But, First Minister Nicola Sturgeon also said: "There will still be some ongoing need for face coverings, for example on public transport and in retail." 

What this means for Nurseries, Schools, Colleges and Universities in England 

Secretary of State for Education, Gavin Williamson announced the arrangements for schools and education settings on 6 July.   

Most of the changes are due to come into effect in the new Autumn term so there is no pressure on settings to bring these changes in before the end of term.  For thos settings that operate all-year-round, the key dates are July 19 for the removal of national restrictions on face coverings, and August 16 where the NHS test and Trace team will assume responsibility for contact tracing.  This is when bubbles and self-isolation could end. 

The DfE have produced guidance, some frequently asked questions and answers, and a template letter for settings to send to parents, pupils and students on changes to contact tracing of close contacts. These can all be found on the document sharing platforms for primary and early yearssecondary schools, further education and higher education and children's social care.  

Mr Williamson said that from August 16 double-vaccinated staff and children under 18 will only need to self-isolate if they have themselves tested positive, if they are required to because NHS test and trace have advised, or because they are a close family member. Our understanding is that family members will be required to have a PCR test before they can return to school and work as normal.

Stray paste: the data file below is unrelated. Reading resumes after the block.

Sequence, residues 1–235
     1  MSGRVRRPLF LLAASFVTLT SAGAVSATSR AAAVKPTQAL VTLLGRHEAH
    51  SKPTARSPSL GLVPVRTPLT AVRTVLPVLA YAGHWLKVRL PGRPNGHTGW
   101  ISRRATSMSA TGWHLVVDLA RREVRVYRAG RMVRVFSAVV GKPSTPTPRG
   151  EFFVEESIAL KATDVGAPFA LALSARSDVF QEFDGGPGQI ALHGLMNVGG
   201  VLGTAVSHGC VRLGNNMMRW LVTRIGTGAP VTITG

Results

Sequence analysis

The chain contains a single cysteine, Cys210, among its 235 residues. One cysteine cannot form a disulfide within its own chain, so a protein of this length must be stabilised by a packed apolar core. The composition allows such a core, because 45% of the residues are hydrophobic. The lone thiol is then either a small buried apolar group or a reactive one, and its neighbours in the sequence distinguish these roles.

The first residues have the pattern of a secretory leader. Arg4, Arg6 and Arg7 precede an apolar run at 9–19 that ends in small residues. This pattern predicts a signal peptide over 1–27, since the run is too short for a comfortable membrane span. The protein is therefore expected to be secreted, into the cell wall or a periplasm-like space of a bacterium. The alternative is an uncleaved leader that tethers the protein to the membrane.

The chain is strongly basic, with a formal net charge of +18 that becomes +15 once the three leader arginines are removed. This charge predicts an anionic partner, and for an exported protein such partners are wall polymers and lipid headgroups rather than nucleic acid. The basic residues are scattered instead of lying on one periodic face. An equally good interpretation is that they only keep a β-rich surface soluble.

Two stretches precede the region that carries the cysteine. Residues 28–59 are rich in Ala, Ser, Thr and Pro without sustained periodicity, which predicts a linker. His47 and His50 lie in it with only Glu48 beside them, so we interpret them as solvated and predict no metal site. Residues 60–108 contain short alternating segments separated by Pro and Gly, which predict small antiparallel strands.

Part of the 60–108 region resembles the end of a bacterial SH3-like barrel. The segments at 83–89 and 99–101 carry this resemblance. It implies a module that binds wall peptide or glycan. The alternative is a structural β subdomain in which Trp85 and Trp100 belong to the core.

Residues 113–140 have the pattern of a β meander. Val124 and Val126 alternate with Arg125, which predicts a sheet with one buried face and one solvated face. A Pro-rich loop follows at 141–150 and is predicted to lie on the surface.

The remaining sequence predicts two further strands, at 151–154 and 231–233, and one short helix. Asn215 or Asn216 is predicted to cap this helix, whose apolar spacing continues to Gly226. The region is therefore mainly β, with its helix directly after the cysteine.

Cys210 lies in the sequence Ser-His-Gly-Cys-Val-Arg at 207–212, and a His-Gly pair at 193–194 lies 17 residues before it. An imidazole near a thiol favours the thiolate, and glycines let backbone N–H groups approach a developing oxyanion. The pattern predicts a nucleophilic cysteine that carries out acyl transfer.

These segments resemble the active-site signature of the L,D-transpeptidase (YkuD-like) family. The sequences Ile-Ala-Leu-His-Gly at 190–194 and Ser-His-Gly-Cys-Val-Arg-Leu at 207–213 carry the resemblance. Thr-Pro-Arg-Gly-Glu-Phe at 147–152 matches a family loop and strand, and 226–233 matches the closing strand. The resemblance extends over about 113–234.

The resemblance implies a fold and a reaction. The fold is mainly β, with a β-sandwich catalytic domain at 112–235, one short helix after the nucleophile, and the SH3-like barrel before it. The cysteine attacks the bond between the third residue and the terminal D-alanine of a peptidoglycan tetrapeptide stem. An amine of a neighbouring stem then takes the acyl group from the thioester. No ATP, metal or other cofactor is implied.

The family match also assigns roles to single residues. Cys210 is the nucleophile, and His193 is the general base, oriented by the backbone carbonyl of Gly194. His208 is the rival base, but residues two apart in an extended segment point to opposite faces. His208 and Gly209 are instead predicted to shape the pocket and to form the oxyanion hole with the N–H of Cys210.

Accuracy of LFD Tests 

Regular testing is a vital tool in stopping transmission but we know some of you have asked about the accuracy of LFD testing, so we checked with studies the Department of Health and Social Care published (7 July) 

Around one in three people infected with COVID-19 never develop symptoms, so asymptomatic testing is the only way to spot those cases most likely to be infectious. Knowing that LFD tests are effective in identifying the Delta variant means everyone who is currently engaged in regular twice-weekly testing can be confident the test will detect what is now the most common strain in circulation. 

In summary 

  • We are relieved that data shows the most-widely used LFD tests are effective at detecting the Delta variant of COVID-19. 
  • Studies find accuracy of tests remains high whether it is performed by an experienced or inexperienced user. 

The research papers analysed the use of LFDs in a variety of scenarios: against variants of concern; on patients with high or low viral loads; as part of mass testing campaigns; in the hands of inexperienced users and; with different types of swabs. 

Full guidance for schools, special schools, early years settings and further and higher education can be found here

Whilst we understand that we must learn to live with this virus, we continue to ask the DfE and DHSC for evidence to show that these measures will keep children and staff safe. 

Further guidance can be found for Scotland here, Wales here and England here.